Academic journal article International Fiction Review

Orality and Subversion in Jack Mapanje's of Chameleons and Gods

Academic journal article International Fiction Review

Orality and Subversion in Jack Mapanje's of Chameleons and Gods

Article excerpt

Jack Mapanje, one of Malawi's leading poets, was arrested and detained without charge from September 1987 to May 1991 by former president for life and dictator Dr Hastings Kamuzu Banda and the Malawi Congress Party (MCP). At the time of his arrest, Mapanje was serving as Chair of the English Department at Chancellor College of the University of Malawi. To this day the government has not revealed the actual reasons for his detention. However, Banda gives a hint in a letter he wrote to the faculty of the University of Edinburgh in 1988 in response to their protests over Mapanje's detention. In it, Banda accuses Mapanje of "using the classroom as a forum for subversive politics." (1) How Mapanje used the classroom for subversive politics is not stated. What is obvious, though, is that in Banda's Malawi, any form of criticism, including any complaint against Banda or the party, were considered subversion. It is highly probable that what Banda calls use of the classroom for subversive politics refers to Mapanje's own poetry in Of Chameleons and Gods. (2) The regime heavily censored stories, poems, plays, songs, etc. for critical commentary on the regime even if only suspected. (3) Needless to say, the Ministry of Education withdrew Of Chameleons and Gods from circulation in schools and colleges. (4) Under the censorship atmosphere then, this action was a prelude to the outright banning of the book.

In this article, I argue that some of Mapanje's poems in Of Chameleons and Gods lend themselves to a subversive reading to annoy a dictator such as Banda in that, among other things, the poems demystify Banda and openly undermine his legitimacy. Even as a dictatorship, the regime of Banda and the MCP relied heavily on a hegemonic discourse that both popularized and legitimized it. (5) In so far that Mapanje's poetry constituted a counterhegemonic discourse that threatened to undermine Banda's popularity and challenge the MCP's legitimacy, it was considered subversive. This may explain why the collection was withdrawn from schools, and why Mapanje was later arrested. This article, using a selection of poems from Of Chameleons and Gods, shows the specific elements of Banda's dictatorship that Mapanje sought to undermine and challenge.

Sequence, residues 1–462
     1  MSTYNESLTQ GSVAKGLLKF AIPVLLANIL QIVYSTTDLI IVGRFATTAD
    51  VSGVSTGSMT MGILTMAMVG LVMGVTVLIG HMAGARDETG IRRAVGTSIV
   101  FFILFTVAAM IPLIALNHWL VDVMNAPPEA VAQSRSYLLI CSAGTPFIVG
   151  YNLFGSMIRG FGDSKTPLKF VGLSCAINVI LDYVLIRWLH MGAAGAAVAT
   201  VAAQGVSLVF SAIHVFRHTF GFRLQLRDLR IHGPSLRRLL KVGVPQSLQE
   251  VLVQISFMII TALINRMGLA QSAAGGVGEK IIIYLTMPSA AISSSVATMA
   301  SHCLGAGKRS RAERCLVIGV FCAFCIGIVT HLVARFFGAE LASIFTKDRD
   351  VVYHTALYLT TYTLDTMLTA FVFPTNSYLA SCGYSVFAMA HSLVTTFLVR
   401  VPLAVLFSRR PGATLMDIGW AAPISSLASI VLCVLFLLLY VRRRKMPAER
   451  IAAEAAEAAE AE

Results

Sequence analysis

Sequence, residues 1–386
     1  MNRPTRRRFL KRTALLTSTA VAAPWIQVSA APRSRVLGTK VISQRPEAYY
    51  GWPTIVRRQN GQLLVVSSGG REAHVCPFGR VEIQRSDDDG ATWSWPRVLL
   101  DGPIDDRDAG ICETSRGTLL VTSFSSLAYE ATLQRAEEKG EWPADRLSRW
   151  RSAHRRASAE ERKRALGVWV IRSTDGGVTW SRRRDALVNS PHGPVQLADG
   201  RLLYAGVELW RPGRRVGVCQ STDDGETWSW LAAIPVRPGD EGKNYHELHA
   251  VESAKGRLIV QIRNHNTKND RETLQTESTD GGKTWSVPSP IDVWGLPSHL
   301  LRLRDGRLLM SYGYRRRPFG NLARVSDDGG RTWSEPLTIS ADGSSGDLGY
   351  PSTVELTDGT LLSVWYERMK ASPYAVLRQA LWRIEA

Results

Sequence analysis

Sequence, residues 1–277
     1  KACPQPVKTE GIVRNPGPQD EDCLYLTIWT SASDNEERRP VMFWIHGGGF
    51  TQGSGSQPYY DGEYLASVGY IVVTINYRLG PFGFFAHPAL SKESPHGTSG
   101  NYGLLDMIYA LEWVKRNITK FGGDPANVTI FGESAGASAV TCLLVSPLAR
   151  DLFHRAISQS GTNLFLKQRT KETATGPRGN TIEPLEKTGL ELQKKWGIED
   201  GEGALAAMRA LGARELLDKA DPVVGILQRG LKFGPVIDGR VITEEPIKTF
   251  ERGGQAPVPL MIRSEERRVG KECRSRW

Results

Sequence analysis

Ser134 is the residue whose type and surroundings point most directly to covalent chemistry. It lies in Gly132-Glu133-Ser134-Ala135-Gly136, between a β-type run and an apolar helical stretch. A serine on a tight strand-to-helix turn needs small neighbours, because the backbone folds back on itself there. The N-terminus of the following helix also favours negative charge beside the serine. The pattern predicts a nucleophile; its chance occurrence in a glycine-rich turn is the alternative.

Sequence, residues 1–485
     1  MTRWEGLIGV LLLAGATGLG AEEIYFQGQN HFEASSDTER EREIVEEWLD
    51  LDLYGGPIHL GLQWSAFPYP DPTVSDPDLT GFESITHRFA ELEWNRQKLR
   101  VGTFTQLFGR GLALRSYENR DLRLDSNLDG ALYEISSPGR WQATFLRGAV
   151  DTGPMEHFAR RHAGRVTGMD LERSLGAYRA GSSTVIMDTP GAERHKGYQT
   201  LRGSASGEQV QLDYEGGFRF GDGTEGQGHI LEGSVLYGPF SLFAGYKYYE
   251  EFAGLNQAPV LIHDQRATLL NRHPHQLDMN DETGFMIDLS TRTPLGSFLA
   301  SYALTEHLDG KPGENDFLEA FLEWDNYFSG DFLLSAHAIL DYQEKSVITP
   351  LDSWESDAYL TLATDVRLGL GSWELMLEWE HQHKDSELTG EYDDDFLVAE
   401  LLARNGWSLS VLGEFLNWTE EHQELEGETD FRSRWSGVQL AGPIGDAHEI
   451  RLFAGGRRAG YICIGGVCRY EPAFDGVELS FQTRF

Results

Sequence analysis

During the reign of Banda in Malawi, the dominant political discourse was shaped by what is called Kamuzuism, an ideology that produced a powerful myth of Banda as the "fount of all wisdom" and a leader who "always knew what was best for the nation," (6) that is, an individual who possessed supernatural or divine wisdom. He was called Mpulumutsi, meaning Messiah or Savior. This was derived from the fact that in 1963 Banda led the people of Malawi to independence from British colonial rule. He assumed the stature of a god similar to Jesus. For the same role, Banda was called Ngwazi (Conqueror), which indicated that, apart from the meaning that he was brave and ferocious, he was invincible. No one could harm or defeat Banda. Banda was also Wamuyaya, president for life, in the sense that to some of his supporters his reign was never going to end, thereby suggesting that Banda was immortal. He was also Nkhoswe No. 1, a protector, guardian, and provider for his people. (7) He was called Father and Founder of the nation, which presented him as if he fought colonialism more or less single-handedly to bring about independence in Malawi. This obliterated an entire history of nationalists' efforts before him, including those who fought together with him. Banda in turn regarded Malawi as one big village in which he was the paramount Chief and father, guardian, and protector of all people. He then assumed the position of divine right and absolute authority to rule Malawi unchallenged. Banda and the MCP produced this perception by tacitly acknowledging the praise and worship where Banda was presented as a gift from God to the people of Malawi. These were the dominant ideas of the national political discourses that popularized and legitimized Banda's dictatorship. …

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